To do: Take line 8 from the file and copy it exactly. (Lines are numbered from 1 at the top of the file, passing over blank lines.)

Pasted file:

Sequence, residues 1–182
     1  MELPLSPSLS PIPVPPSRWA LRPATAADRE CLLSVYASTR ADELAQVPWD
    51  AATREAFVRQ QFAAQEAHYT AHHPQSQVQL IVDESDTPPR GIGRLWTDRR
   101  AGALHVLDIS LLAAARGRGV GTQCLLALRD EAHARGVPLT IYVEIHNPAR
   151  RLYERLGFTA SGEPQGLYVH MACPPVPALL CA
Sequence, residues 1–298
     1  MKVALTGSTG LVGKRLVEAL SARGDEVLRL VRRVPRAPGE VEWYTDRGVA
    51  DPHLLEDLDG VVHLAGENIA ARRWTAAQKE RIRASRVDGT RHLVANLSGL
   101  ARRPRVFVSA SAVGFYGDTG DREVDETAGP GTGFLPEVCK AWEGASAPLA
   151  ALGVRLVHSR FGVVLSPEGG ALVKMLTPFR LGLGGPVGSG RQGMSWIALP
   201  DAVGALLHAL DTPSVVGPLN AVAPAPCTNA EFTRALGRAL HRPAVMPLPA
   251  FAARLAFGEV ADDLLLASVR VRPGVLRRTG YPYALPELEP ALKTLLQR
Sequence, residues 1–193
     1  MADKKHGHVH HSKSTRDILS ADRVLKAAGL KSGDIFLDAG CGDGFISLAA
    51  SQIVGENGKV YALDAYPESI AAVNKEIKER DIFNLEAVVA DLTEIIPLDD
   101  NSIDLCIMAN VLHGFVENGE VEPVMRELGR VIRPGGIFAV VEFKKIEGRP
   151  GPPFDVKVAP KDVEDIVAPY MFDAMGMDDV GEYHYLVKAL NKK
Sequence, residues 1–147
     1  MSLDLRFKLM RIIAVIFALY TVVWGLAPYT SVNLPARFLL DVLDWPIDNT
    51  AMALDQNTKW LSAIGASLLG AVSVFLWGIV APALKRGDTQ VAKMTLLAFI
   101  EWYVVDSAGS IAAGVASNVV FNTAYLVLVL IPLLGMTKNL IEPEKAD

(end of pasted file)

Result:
    51  DPHLLEDLDG VVHLAGENIA ARRWTAAQKE RIRASRVDGT RHLVANLSGL